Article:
Foot & Ankle Pain



The foot and ankle are incredibly tough and durable joints. We spend our entire lives standing, walking, running and jumping on them and many of us won’t experience any foot pain at all. Foot pain is usually more a result of footwear, joint sprains/injuries through accidents or sports, excessive repetitive stress or through systemic problems (symptoms of pins and needles, cold or numb feet).

Majority of sports people and athletes will have twisted or sprained their ankle at least once in their careers. Rapidly changing direction with the foot planted on the floor is often a cause for ankle sprain; other causes include slipping on stairs or pavement edges or even catching your foot on the floor or steps.

More often than not it is a ligament strain and not so much actual bone/joint surface irritation as seen in knee pain, hip pain, or shoulder pain.

Repetitive stress often causes compression of the blood vessels, nerves and small bones of the feet and toes. This is often seen in shoes that are too tight ranging from walking boots through to high heels.


Dull ache middle/outer ankle

Pain pulling the toes up or pointing the toes down

Tripping on pavements/stairs/doorways

Difficulty going up or down stairs

Tight calf muscles

Pain between the toes

Sharp, needle like pain under the foot during first steps in the morning

Pins and needles or numbness in the toes or foot

Cramping of the toes or feet



After assessment of the knee, hip and spinal function and in-depth assessment of the joints and ligaments of the ankle and feet will indicate the relevant tissues in need of treatment.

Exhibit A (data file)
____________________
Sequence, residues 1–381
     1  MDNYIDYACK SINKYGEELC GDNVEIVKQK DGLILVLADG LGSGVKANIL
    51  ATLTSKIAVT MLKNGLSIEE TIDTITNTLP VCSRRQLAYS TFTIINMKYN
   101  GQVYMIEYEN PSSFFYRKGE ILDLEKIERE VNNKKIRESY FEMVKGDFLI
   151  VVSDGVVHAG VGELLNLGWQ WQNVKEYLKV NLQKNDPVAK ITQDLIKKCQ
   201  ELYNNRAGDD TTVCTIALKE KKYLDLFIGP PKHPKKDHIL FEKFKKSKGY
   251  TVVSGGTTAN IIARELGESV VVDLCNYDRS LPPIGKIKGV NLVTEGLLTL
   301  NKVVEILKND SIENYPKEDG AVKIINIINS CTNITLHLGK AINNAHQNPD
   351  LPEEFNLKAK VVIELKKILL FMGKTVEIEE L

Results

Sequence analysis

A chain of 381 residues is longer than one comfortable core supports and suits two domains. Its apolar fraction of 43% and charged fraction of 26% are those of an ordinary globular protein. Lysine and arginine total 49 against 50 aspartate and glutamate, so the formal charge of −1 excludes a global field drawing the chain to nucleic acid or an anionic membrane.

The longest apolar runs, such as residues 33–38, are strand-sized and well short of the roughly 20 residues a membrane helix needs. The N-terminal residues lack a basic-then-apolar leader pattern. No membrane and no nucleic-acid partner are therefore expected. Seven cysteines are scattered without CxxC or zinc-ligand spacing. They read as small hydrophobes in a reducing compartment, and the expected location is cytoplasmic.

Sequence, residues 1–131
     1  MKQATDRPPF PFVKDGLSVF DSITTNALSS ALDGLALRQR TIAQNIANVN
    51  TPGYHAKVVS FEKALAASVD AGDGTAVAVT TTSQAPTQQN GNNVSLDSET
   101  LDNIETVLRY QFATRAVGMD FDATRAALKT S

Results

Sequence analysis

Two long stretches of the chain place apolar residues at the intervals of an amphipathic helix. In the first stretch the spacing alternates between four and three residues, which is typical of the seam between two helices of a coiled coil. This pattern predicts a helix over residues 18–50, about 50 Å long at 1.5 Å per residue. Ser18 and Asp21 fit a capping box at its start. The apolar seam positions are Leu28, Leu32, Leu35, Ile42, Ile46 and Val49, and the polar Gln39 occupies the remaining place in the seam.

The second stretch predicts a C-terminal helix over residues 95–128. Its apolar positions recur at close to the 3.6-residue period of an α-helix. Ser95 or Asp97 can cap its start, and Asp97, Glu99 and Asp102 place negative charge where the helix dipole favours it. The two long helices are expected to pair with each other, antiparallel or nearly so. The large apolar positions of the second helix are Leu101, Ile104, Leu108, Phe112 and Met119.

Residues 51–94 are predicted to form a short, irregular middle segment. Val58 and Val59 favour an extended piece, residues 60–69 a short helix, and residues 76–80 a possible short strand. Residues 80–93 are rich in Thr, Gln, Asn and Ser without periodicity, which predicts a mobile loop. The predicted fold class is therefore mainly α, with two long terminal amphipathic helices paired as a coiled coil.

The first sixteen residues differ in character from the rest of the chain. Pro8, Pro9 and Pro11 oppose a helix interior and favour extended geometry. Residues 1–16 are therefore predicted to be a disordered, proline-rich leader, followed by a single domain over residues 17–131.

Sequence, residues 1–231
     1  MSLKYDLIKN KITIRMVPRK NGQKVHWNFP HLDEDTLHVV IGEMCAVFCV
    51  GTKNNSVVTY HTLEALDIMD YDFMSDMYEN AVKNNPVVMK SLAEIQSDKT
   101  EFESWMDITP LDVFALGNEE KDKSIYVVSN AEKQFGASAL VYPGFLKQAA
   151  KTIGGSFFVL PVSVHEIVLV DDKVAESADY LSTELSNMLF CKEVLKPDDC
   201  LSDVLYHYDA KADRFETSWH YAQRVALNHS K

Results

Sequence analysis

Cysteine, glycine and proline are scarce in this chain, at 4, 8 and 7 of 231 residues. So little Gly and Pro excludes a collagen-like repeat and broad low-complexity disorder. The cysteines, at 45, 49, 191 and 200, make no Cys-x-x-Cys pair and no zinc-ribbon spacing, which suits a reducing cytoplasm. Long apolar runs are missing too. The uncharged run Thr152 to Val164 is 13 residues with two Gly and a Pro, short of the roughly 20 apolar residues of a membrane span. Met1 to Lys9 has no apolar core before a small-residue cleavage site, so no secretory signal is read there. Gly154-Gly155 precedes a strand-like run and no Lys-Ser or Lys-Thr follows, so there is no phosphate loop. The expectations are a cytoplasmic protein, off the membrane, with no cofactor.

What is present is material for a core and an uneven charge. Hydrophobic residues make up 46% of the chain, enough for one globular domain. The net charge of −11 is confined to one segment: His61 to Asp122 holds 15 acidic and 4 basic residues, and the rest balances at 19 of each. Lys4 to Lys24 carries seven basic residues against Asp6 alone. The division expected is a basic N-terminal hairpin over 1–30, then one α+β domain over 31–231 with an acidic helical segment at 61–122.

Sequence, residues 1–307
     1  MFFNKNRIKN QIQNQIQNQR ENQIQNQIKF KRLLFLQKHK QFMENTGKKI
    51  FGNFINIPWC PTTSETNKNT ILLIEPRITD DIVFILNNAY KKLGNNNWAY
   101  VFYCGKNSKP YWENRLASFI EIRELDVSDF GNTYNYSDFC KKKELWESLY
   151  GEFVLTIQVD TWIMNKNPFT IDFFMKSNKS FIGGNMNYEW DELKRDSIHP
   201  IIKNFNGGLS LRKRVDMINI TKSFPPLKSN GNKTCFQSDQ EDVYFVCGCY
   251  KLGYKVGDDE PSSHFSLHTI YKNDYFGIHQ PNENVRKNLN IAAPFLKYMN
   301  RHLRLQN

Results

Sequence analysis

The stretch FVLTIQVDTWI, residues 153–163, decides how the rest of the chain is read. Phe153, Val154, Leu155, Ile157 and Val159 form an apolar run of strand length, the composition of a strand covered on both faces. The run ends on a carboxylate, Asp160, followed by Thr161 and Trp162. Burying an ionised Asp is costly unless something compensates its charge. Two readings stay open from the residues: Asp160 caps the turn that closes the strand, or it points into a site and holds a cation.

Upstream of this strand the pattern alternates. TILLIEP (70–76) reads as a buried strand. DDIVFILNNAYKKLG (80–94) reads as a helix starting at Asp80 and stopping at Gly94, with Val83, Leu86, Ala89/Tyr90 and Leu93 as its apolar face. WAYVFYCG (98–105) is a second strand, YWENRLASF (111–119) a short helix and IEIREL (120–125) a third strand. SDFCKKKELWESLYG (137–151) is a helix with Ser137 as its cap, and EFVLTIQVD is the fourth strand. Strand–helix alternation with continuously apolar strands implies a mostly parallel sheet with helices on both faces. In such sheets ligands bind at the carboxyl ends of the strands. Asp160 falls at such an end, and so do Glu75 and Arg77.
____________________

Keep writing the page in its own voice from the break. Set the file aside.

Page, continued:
As mentioned above, the joints of the feet and ankles are very strong and so treatment techniques will include osteopathic mobilisation and manipulation to help increase mobility. Soft and deep tissue techniques will be used to address muscle strains and imbalances in the calves, shin and feet muscles.

Muscle contraction and relaxation techniques may be used to over-ride muscle strains and spasms deep within muscle groups.

Specific strengthening and stretching exercises may also be given to address above-mentioned imbalances in tightness and weakness.

Balance related exercises may be required to rehab the joint back to proper function and stability if ligament injury is identified.


It is often most useful for patients with foot or ankle problems to maintain their exercise regime and any additional advice I have offered regarding the biomechanics of the foot and ankle.

Hydrotherapy can make great impacts on any swelling or inflammation and also improve healing of older injuries.

Systemic problems that affect the nerves and blood supply to the feet will be screened during the case history and examination aspects of the consultation. If these appear to be a factor in the patients’ problem then further referral to their GP will be advised.